We show you how to take a screenshot on a Mac

There will eventually come a time when you’ll need to know how to take a screenshot on a Mac. You might need it now. But, trust us; even if all you’re doing on your Apple laptop or Mac is streaming your favorite shows and video calling family and friends, this simple skill will come in handy someday.

Luckily, taking a screenshot on macOS Big Sur is an easy and seamless process. Better yet, it comes in various forms and options, from taking a screen capture of the entire screen to screen grabbing a portion of it or an open window. Taking a video recording of your screen is also possible using the same versatile tool. You can even annotate your screenshots before sharing them. 

So, let us show you exactly how to take a screenshot on a Mac. We’ll show you exactly what makes the macOS’ Screenshot tool tick and how to use it to your full advantage.

1. Using the Screenshot tool

There are different ways to bring up the macOS Screenshot tool. On every Mac, you can press the ‘Shift’ + ‘Command’ + ‘5’ keys or launch the Screenshot tool through Launchpad. On compatible MacBook Pro models, you can also use Touch Bar. 

There are five actions in the Screenshot tool. These actions include capturing the entire screen, capturing a window, or capturing a portion of the screen for screenshots. For video recording, the choices are to record the entire screen or recording a portion of the screen. 

To start a screenshot or screen recording: 

  • For the entire screen or a portion of it: Click ‘Capture’.
  • For a window: Move the cursor to the window, then click the window.
  • For recordings: Click ‘Record’. To stop recording, click the ‘Stop Recording’ button in the menu bar.

2. Screenshot options

Click ‘Options’ on the Screenshot tool to bring up additional settings. The available options differ depending on whether you’re taking a screenshot or a screen recording. Among the options are where to save the file and whether to add a timed delay. You can also add the ability to show mouse pointers or clicks in the screenshot or video recording.  

Additionally, when activated, the ‘Show Floating Thumbnail’ option temporarily floats a thumbnail of the completed screenshot or video clip at the bottom-right corner of the screen. You have a few seconds to drag this thumbnail into a document, mark it up, or share it.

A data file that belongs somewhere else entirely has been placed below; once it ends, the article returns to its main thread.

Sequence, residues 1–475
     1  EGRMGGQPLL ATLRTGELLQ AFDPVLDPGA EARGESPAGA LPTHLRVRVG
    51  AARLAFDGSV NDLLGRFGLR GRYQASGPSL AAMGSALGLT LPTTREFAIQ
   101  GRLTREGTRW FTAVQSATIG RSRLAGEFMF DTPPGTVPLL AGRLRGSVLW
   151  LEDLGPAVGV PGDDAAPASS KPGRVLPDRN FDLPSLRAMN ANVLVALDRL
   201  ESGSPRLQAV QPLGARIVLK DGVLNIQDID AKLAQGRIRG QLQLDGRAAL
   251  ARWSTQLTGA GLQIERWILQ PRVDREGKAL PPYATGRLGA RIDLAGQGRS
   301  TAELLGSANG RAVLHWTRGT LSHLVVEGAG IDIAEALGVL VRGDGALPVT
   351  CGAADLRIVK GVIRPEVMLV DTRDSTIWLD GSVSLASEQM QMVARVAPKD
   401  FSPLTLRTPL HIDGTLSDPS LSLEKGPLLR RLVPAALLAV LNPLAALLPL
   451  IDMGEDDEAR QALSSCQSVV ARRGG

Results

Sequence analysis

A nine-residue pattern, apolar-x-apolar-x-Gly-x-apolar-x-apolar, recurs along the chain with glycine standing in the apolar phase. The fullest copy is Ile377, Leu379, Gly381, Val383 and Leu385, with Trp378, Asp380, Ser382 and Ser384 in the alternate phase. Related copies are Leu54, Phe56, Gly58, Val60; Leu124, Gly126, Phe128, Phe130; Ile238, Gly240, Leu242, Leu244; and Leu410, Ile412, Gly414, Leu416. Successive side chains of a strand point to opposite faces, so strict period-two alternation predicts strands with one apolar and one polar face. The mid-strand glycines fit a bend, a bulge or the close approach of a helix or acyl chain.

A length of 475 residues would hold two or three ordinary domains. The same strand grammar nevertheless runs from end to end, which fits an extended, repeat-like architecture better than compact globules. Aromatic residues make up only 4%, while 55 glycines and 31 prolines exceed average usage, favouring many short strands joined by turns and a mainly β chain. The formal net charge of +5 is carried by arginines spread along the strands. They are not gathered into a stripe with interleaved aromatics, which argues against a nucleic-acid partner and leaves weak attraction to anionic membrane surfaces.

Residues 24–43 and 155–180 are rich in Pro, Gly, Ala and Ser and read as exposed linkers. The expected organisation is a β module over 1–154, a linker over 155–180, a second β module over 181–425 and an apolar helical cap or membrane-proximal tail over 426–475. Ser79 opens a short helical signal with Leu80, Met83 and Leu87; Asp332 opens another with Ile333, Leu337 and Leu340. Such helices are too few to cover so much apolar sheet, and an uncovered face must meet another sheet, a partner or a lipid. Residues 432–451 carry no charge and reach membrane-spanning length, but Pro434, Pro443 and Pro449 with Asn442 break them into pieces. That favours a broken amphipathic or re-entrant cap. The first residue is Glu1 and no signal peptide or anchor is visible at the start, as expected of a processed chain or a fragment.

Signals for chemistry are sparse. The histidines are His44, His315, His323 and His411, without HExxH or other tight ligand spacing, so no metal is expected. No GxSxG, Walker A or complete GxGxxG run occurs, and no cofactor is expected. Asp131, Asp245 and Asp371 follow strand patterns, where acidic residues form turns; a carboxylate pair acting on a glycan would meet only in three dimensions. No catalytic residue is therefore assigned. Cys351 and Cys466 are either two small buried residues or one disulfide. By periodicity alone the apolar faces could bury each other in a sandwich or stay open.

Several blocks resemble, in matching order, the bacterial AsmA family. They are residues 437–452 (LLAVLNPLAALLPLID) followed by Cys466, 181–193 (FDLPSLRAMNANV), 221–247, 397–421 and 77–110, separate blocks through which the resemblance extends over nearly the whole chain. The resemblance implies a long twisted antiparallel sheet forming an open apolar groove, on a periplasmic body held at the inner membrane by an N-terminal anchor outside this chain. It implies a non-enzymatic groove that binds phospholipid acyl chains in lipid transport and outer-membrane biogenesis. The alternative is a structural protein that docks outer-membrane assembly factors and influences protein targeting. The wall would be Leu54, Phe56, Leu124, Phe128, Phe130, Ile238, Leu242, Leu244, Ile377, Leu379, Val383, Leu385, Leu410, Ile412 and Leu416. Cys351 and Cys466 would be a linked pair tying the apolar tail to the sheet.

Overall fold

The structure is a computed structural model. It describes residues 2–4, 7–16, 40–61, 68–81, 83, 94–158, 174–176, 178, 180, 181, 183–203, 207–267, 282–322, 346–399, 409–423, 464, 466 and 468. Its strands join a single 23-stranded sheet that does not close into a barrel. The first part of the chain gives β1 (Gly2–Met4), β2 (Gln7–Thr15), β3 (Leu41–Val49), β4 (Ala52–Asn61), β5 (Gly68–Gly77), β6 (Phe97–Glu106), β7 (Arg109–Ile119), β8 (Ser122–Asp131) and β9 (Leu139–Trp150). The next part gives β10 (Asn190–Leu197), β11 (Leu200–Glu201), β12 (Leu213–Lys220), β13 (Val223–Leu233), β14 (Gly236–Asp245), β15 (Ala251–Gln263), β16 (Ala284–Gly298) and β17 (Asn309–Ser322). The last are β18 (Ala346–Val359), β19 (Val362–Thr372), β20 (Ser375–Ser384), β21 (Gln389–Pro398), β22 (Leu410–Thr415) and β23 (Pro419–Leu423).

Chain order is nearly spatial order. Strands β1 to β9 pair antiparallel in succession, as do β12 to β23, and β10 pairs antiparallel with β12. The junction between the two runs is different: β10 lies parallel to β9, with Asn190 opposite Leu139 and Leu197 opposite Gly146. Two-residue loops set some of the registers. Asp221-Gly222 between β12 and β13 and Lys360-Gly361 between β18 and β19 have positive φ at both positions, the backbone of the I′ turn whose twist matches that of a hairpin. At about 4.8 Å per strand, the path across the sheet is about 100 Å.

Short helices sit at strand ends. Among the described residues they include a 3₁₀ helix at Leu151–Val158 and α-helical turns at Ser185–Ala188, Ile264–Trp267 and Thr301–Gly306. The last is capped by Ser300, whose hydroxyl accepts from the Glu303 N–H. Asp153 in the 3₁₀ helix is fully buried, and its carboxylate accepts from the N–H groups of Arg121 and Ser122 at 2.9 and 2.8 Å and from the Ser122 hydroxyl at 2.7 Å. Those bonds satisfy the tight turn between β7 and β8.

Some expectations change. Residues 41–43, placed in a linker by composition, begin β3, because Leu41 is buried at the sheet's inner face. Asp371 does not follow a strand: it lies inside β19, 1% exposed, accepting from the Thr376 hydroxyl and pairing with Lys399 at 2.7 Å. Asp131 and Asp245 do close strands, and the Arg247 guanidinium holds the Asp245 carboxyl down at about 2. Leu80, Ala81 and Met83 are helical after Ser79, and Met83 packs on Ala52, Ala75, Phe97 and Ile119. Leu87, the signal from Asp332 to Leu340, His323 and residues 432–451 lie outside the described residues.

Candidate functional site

Thumbnail options include: 

  • Swipe right to save the file immediately and make it disappear.
  • Drag the thumbnail into a document, an email, a note, or a Finder window.
  • Click the thumbnail to open a window where you can mark up the screenshot or trim the recording, or share it.

3. Taking screenshots with keyboard shortcuts

You can also take a screenshot or record video using keyboard shortcuts in macOS Big Sur. These shortcuts are used instead of the point and click method noted above. 

The available keyboard shortcuts include actions to capture the entire screen, capture a portion of the screen, capture a window or the menu bar, or capture a menu and menu items. You can also use keyboard shortcuts to open the ‘Screenshot’ tool and capture the Touch Bar, where available. 

Keyboard shortcuts are customizable by going into the Apple menu, then choosing ‘System Preferences’. From there, select Keyboard > Shortcuts.

Change the default format and save location of screenshots

If you’re using a version of macOS earlier than macOS Mojave, then follow these instructions to change the type and location of the files.

OS X saves screenshots as .png files by default, which can be changed to .jpg by inputting the following command into Terminal:

defaults write com.apple.screencapture type jpg

It doesn’t have to be .jpg either – you can switch the file format to a number of supported extensions such as PDF, tiff, or bitmap, among others, by entering it at the end of the line. 

To change the location enter in the following command:

defaults write com.apple.screencapture location

Then, enter in the path of the new folder you want to save the screenshots into, or drag and drop it into the Terminal window.

When you’re done, enter this command to load the new setting:

killall SystemUIServer

How to annotate screenshots using Preview

If you’d rather annotate your screenshots later, instead of clicking on the thumbnail to do so immediately after capturing, you may certainly do so. When you’re ready, click on the saved screenshot file to open it in Preview.

Preview won’t just let you crop, resize and tweak your screenshots – it also has some nifty built-in annotation features that come in handy for placing text over them. Make sure the Edit Toolbar is visible (from the View menu) and you’ll see options for drawing shapes, speech, thought bubbles and more. 

For creating instructions out of screenshots, the arrow tool will come in particularly useful. There’s also the option to highlight text in different colours, strikethrough some text, add notes and type some text into boxes. 

How to take a screenshot on a Mac using a Windows keyboard

If you use a Windows keyboard with your Mac, you can still use the keyboard shortcuts listed above. However, as Windows keyboards do not have the Command (⌘) key, you need to press the Windows key (which holds the Windows icon).